WASHINGTON, D.C. – Population growth, urban development, farm production, and climate change is increasing competition for fresh water and producing shortages so acute that virtually every industry in the world anticipates sweeping systemic transformation over the next decade in their strategic planning, production practices, and business models.
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For 15 years SustainAbility and GlobeScan have polled global thought leaders about the planet’s greatest sustainability challenges. The collaborating firms also release three “pulse” surveys based on three critical sustainability issues that most concern companies and their shareholders.
Growing supply and demand gaps.
It would be nice if water resources fell neatly into national political boundaries. It would be nice if countries that shared water resources cooperated more. It would be nice if climate change wasn’t a growing threat to the stocks and flows of water around the world.
Water weaves through history, giving rise to conflict, collapses and creation in civilizations. In his latest book, WATER: The Epic Struggle for Wealth, Power, and Civilization, economic journalist Steven Solomon examines the economic and social relationship between people and water.
Circle of Blue introduces the first contributing column from Dr. Paul J. Sullivan, an expert on resource conflict in the Middle East and parts of Africa. In his first piece, Sullivan discusses the water crisis in one of the world’s most spotlighted failing states — Sudan.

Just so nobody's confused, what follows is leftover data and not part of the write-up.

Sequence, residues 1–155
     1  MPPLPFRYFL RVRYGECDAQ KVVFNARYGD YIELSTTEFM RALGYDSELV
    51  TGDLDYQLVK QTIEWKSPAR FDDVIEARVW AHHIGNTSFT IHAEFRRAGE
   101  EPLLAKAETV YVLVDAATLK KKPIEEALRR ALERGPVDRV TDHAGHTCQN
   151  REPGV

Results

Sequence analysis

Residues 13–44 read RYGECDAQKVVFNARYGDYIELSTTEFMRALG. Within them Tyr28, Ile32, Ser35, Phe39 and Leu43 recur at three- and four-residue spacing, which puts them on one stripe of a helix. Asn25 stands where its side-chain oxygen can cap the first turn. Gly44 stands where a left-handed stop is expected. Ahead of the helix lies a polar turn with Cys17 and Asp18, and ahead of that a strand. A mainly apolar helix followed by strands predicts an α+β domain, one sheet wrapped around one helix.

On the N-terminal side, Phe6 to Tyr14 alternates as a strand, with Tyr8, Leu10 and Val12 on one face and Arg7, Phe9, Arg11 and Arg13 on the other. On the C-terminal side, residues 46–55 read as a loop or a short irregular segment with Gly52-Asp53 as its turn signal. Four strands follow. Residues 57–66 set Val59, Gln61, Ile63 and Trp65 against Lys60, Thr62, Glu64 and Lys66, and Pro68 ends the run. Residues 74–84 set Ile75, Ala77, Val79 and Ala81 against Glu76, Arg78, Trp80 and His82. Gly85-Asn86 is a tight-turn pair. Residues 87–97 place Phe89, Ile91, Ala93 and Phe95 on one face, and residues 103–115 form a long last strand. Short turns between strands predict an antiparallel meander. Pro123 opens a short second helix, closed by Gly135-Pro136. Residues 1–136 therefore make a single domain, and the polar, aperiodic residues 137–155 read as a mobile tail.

The close of economic journalist Steven Solomon’s book is a reflection on the new meaning of water given today’s scarcity crisis. Solomon connects freshwater’s past and present to paint a future, and potentially very unstable picture of human civilization. By redefining facets of this precious resource, however, he presents the foundation of finding global solutions.
Though water is already scarce and food production will decline in the region, most Arab countries are doing little to prepare, reports say.
Food production in the Arab world will be hurt by sea level rises and water scarcity exacerbated by climate change, concluded two reports released last week, according to Reuters.
Africa News Southern Africa Water Wire IPS-hosted African News Feed Asian carp A list of eating instructions The Louisiana Department of Wildlife & Fisheries posted a video and instructions on carp consumption. Asian Carp Management An official U.S. Fish & Wildlife Service Web site designed to coordinate control and management of Asian carp in the […]
Since the dawn of Homo sapiens in arid Africa, nine tenths of our evolution has unfolded as foragers. Only relatively recently did our species embark on agriculture, and recent events suggest certain limits to that extraordinary experiment. Exponential population growth has combined with unprecedented climate change until half the planet’s land surface can now be classified as drylands—arid landscapes inhabited by a third of humankind.
In an 800-page report, federal officials issued a dire prediction for California’s salmon — they’re just about out of water. The only solution: cut water usage in the Central Valley.